The presentationaly types are determined by the ways in which the logical concepts of the construction are presented on the page. In Euclid, Ptolemy, and Archimedes, this is mostly through 2D geometry on a page. However, Ptolemy's use of multiple projections laid on top of each other indicates that this presentation relies upon a 3D model to some extent. The focus so far has been on developing a basic geometric model extending the ePiX graphics library.
As before, the syntax for a presentational type is
data_namespace:typename. In this case, the
data_namespace is going to be
epix, as the geometric primitives are based on this library.
For example, the syntax for declaring an ePiX point labeled
o takes the following form:
Using the same identifier as the logical Euclidean point in the example from the 'logical types' section means that the
o will be presented as a geometric point in the model. If I wanted to, I could present the
Euclidean point using a segment by using the following declaration, potentially violating logical constraints within the
Now lets say that I want to represent the fluid surface called
abcd. I could represent this fluid surface as
epix:circle, however lets present it as an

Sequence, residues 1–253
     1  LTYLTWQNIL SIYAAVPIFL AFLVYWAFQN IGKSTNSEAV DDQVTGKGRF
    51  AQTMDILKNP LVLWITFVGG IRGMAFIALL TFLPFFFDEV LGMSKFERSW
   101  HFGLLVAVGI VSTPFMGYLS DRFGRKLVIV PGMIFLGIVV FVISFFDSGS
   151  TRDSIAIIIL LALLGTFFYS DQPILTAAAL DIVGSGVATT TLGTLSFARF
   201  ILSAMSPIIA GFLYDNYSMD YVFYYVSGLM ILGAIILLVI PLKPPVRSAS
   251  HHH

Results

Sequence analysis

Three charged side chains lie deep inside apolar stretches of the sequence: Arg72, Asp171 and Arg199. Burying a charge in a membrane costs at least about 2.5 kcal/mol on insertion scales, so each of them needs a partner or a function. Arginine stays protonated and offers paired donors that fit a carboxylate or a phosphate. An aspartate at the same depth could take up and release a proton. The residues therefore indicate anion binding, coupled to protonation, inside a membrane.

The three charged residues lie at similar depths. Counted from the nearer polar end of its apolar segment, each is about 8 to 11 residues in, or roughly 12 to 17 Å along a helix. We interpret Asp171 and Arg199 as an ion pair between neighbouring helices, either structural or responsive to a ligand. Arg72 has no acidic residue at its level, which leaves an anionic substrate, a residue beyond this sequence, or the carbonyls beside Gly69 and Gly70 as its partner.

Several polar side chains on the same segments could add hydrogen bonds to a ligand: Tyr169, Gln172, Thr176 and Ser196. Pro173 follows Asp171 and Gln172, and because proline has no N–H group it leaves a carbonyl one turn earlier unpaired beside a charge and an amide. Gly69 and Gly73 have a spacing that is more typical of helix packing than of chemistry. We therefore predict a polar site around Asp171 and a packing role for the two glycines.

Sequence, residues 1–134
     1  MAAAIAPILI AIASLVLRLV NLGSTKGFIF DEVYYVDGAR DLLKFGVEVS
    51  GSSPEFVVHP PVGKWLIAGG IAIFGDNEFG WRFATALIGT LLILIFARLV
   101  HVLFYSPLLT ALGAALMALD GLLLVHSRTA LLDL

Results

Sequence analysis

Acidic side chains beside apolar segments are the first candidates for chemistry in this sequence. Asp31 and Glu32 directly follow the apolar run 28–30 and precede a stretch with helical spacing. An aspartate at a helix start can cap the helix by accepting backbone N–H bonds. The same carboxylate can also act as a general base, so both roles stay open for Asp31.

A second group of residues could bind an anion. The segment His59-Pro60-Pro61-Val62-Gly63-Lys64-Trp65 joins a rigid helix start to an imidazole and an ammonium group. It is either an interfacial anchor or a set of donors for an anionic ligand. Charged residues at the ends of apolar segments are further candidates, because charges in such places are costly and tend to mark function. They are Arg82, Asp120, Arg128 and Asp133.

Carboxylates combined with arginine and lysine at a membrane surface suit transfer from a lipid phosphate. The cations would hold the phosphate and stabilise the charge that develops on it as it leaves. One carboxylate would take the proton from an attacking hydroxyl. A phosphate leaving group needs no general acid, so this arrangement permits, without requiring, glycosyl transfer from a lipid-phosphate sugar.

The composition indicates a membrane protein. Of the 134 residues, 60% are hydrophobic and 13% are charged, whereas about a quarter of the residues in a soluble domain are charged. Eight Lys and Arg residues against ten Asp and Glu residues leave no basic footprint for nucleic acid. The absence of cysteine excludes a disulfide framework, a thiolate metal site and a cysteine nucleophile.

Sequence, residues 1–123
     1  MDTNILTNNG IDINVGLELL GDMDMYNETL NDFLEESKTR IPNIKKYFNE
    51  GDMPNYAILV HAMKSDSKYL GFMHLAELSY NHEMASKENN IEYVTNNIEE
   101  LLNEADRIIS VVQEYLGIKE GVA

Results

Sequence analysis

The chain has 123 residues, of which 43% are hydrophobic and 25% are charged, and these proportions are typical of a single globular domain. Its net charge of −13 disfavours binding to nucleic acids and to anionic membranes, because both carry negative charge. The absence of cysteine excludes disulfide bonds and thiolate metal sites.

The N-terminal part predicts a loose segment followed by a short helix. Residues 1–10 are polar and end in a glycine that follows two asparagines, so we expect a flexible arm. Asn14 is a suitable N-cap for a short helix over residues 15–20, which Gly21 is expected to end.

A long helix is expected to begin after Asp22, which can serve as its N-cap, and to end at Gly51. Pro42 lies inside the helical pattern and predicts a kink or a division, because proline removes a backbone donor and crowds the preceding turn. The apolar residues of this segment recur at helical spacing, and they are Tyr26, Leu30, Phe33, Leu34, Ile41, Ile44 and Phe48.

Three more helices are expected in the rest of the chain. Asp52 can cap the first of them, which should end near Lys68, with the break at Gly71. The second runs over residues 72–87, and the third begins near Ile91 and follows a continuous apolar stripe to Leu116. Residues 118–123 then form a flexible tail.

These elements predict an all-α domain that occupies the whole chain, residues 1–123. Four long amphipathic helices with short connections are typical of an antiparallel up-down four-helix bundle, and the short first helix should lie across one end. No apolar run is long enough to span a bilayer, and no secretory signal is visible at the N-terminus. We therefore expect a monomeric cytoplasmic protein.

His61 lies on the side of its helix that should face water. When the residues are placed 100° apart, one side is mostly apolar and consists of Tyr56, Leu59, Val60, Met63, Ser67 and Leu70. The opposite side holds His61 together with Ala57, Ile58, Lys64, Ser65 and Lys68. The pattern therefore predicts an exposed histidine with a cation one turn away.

epix:arc. The semantics of the
ref attributes are the same as in the logical language, only here they work with identifiers for instances of
<diapre:value> <epix:arc id='abcd'> <epix:circle ref='ul_abcd'> <epix:point ref='d'> <epix:point ref='a'> </epix:arc> </diapre:value>
One very important presentational type that must be included in every presentational model is the notion of a view. Presentational primitives are declared in a cartesian space called the world. The view type of a presentational model specifies how to 'look into' that world and come out with an image. More generally, the view specifies how to map the world into a format for a user to process and does not necessarily have to be visual in theory.
In practice, the current presentational model implements this view type via the
epix:pipeline type. The pipeline acts as
an interface to a traditional graphics pipeline and encapsulates the transformation from world space to camera space, to the viewport. From
the viewport, the primitives are projected onto a plane and then translated into image coordinates. More information on this primitive will be
provided in the description of the backend of the DML compiler (dmlc).